On Saturday Jean and I returned to Van Wagners Beach Road (our last visit was the OFO field trip) in search of a reported Lark Sparrow. It was last seen on October 21 but I thought we should take the chance that it may still be found at the volley ball courts of a beach front restaurant.
An image of the sparrow captured by Tom Thomas can be found on the OFO site.
Strong winds were blowing from the south-west and unlike 2 weeks ago, we could find no birds in the brush along the Hamilton Recreational Trail. No birds at all were encountered, not even House Sparrows, as we passed the restaurant. After checking the volleyball court area, Jean and I crossed the road to the parking lot where there had been some avian activity during the field trip. At first no birds were seen. Eventually, a Dark-eyed Junco popped out of the brush and Jean caught a quick glimpse of a Ruby-crowned Kinglet but the Yellow-bellied Sapsuckers had moved on. As we walked along the edge of the parking lot another birder joined us in our search. The best spot was near two garbage containers in the parking lot. A number of White-throated Sparrows appeared out of the brush and stood in front of the bins (garbage containers). A beautiful Fox Sparrow jumped into view as we observed the other sparrows. Additional birds observed here were 1 Song Sparrow and 2 Hermit Thrushes.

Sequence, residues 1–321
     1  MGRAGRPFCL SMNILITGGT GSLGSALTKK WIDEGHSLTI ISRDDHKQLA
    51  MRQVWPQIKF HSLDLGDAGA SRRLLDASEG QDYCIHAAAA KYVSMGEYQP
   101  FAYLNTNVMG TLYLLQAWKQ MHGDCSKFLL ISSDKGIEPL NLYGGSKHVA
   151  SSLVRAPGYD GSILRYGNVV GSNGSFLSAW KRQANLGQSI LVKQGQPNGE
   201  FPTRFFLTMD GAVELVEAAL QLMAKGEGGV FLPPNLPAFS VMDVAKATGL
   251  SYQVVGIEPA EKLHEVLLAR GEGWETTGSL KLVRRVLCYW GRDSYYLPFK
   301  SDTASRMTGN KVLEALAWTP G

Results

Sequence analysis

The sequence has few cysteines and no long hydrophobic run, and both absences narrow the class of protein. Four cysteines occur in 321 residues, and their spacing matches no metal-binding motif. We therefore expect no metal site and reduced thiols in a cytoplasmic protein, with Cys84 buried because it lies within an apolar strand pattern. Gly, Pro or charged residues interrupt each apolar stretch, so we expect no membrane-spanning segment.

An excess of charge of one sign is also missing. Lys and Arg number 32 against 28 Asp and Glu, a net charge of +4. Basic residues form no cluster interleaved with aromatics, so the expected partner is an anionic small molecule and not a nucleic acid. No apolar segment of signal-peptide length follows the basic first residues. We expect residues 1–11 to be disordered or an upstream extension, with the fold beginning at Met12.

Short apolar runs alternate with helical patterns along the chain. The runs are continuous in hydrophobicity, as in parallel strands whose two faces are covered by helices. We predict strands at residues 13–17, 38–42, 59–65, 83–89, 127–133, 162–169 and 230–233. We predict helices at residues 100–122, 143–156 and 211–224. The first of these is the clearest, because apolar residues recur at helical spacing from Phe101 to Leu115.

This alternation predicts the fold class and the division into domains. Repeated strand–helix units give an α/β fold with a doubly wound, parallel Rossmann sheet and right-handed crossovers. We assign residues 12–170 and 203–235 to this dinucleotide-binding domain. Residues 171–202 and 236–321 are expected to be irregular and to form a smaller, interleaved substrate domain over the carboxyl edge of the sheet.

Though the Lark Sparrow was not found all was not lost this day. During our drive to Hamilton, we took an alternate route atop the Niagara Escarpment and stopped in Fonthill to pick up tickets to attend a reading of Nino Ricci's the Origin of Species. Can you see why the book attracted my attention? Nino Ricci himself will be reading from his newest novel. Should be an interesting evening.
Still sitting at 188. I'm beginning to think it will not change until the Niagara River Gull Watch field trip where at the Whirlpool a Little Gull awaits to be ticked.